Analyzing Content on Reddit

Using Reddit’s Search API, Python, PRAW, Pandas & R

Daniel McNichol
Oct 17, 2016 · 6 min read

UPDATE DECEMBER 2016: the PRAW package has been updated & functions / syntax have changed, find the latest docs here, or install the previous version via something like`pip uninstall praw && pip install praw==3.5.0` . Relevant updated code snippets below have been added.

Media companies are aflutter over Facebook’s increasingly dominant (& somewhat capricious) gatekeeping of digital audiences.

(A fact reiterated early & often during this weekend’s excellent Barcamp News Innovationunconference’ presented by & hosted by Temple University’s School of Media & Communication)

The concerns are well-founded. Facebook wields, by multiples, the largest active user-base known to the social web.

via &

But Reddit, middle of the pack above, is not an apples-to-apples comparison with Facebook, Twitter or Instagram. As a platform devoted explicitly to sharing, rating & discussing news links & other information, it’s in a class of its own — with obvious relevance to digital publishers.

Given Reddit’s unique platform among social media’s heavyweights, we might predict unique user engagement patterns across our content. This post conveys an initial foray into that analysis, with code examples & some surprising findings.

To pull an initial dataset for evaluation, I accessed Reddit’s search API via the convenient PRAW (Python Reddit API Wrapper) package. PRAW’s thorough documentation covers the basics of creating & authorizing a crawler bot, so I won’t waste time & space here. The result will resemble this:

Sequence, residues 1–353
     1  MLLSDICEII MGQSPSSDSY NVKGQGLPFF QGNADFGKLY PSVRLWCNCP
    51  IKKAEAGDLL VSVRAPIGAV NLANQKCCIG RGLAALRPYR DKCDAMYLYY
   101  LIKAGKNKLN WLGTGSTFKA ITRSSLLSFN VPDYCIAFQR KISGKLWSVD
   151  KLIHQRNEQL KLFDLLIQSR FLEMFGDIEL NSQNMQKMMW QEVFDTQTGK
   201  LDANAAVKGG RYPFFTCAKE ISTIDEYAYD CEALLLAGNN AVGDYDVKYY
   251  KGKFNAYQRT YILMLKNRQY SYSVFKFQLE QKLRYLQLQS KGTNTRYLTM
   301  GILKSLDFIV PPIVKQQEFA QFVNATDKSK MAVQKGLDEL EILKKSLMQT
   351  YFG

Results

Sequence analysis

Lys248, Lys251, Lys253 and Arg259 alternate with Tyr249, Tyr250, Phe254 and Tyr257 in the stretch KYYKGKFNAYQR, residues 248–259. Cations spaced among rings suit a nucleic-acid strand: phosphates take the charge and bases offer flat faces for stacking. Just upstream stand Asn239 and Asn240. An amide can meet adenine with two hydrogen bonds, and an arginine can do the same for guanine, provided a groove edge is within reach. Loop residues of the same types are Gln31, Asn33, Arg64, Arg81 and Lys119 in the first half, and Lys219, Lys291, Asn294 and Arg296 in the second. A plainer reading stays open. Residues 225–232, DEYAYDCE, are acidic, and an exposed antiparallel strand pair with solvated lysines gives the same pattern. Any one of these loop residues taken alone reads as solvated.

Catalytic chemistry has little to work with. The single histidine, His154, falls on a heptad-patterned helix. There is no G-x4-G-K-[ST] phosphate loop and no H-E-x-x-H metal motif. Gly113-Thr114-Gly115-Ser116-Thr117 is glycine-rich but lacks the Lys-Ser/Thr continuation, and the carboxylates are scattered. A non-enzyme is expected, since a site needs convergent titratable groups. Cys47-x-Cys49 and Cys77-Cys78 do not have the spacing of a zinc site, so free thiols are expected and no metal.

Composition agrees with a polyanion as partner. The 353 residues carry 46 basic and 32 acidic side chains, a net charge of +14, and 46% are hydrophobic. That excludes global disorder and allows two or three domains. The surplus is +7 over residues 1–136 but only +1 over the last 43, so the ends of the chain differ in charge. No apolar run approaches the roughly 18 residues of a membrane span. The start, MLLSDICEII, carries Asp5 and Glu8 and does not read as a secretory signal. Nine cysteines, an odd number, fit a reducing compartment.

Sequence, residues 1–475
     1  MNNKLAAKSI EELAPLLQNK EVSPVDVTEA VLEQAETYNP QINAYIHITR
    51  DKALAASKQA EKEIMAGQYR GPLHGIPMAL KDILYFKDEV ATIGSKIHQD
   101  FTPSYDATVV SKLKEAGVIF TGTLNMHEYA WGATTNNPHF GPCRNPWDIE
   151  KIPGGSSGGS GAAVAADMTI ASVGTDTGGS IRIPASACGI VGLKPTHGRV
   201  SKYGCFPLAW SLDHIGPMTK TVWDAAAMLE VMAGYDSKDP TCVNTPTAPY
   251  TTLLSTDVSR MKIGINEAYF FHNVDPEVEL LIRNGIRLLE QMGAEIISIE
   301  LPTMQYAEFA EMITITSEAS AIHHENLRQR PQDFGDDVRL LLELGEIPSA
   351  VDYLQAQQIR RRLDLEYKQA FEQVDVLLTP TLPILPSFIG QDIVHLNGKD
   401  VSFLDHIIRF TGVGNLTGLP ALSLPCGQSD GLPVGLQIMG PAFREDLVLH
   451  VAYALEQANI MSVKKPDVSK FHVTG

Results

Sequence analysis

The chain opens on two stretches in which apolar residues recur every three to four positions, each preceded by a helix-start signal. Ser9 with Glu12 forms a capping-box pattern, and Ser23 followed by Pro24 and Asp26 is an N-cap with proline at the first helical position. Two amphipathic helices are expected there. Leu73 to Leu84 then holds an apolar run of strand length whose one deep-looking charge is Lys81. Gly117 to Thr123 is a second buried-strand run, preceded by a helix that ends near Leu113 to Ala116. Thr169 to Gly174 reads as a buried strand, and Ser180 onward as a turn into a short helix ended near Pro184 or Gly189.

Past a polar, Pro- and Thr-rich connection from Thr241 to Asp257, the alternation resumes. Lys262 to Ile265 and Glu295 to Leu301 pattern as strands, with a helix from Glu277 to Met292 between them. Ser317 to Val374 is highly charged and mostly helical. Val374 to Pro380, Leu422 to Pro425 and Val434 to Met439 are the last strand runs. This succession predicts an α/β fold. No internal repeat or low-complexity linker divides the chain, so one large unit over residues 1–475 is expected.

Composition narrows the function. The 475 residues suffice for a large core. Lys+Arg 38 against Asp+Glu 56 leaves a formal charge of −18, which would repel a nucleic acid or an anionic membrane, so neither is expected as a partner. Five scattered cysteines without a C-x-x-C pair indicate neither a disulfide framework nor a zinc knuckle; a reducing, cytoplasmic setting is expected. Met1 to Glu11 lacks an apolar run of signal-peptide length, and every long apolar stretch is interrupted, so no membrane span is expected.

Now to create a Reddit API call & store results:

Some notes: Reddit rate-limits search API calls to 1000 results at a time, so we stick with that for this initial exploratory analysis. The lucene search syntax with site:___was the optimal query string in my experience, but does return false-positives such as etc, which I filter out with the exact string in the final for-loop above.


Ok, we now have a dataset of the most recent Reddit posts with at least 25 comments and/or 50 upvotes (as of 10/1/16, when I did this analysis). So what does it look like?

I used Pandas to write the relevant data to a dataframe, then exported it as a CSV file to read into R for easy analysis & plotting.

Not the prettiest, most concise or intelligent way to do this, I’m sure. Whatev.

This can all be done in Python/Pandas, of course, but I still find R more fluent & visually pleasing for quick exploratory analysis. (& Yes, I’m using base R for plotting… shoutout to #TeamBaseR — Jeff & Nathan. But truly I’m language & library agnostic, & this extensive post on plotting in Python has me interested to try some new [to me] non-Matplotlib/Pandas packages.)

The results (viewed in a google sheet for prettiness) looked like this:

But that doesn’t tell us much about the shape or distribution of the data, so lets visualize.

In R:

Gives us:

giffing red rectangle not included

Here we can see that, while we have a decent number of outliers, most posts have between 0–1000 comments & upvotes, so lets zoom in on those. (We’ll inspect some outliers in a moment)

Now with a Y-axis range of 0–1000, we see a similar trend emerge, with some sparse outliers, but most of the action between 0–200 comments / upvotes.

By now the more quantish among us will recognize a familiar recursive pattern in the distribution of our data. Let’s take another perspective to make it more plain.